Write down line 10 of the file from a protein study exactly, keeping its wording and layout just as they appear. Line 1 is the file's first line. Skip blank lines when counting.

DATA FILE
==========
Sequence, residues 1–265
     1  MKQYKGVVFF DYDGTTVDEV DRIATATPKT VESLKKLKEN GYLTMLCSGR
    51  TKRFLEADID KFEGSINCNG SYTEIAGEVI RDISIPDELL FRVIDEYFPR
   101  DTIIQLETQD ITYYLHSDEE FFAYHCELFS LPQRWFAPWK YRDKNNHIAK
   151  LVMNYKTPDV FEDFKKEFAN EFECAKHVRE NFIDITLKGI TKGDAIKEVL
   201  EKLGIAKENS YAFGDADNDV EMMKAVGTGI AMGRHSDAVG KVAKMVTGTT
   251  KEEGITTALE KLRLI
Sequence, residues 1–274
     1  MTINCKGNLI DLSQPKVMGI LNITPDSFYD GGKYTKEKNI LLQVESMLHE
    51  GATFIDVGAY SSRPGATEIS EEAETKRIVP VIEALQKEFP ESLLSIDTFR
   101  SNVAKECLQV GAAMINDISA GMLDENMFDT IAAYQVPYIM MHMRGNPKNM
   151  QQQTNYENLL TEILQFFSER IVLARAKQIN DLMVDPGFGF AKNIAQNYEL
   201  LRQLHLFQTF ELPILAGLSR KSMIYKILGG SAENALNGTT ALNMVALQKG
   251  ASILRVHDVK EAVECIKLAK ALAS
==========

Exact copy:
    51  GATFIDVGAY SSRPGATEIS EEAETKRIVP VIEALQKEFP ESLLSIDTFR